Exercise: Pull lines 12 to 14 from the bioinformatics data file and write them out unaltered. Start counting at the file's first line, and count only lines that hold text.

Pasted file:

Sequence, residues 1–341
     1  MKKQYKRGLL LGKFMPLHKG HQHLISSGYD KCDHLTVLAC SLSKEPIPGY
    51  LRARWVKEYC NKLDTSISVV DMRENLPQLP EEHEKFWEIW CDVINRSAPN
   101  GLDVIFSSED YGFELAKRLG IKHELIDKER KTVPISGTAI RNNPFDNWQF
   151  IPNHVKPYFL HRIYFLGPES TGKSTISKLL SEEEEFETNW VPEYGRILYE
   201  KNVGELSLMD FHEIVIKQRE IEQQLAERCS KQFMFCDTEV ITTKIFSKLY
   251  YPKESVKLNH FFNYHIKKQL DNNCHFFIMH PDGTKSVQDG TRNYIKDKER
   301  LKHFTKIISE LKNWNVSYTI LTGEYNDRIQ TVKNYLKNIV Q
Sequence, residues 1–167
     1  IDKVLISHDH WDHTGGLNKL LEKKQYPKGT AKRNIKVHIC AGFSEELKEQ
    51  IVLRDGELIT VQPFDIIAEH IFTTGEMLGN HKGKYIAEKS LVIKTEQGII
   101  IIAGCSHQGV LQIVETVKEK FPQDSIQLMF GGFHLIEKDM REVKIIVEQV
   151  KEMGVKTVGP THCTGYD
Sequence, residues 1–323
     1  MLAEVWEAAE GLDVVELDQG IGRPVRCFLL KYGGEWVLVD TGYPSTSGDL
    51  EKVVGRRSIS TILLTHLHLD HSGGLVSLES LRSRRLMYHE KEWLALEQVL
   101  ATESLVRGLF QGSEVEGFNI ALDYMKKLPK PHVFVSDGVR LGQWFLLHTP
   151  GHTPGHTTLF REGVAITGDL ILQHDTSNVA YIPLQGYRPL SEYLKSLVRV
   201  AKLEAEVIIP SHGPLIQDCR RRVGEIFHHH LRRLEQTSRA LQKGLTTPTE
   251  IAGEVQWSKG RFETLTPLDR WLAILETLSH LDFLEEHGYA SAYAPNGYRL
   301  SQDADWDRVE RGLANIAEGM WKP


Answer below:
   101  IIAGCSHQGV LQIVETVKEK FPQDSIQLMF GGFHLIEKDM REVKIIVEQV
   151  KEMGVKTVGP THCTGYD
Sequence, residues 1–323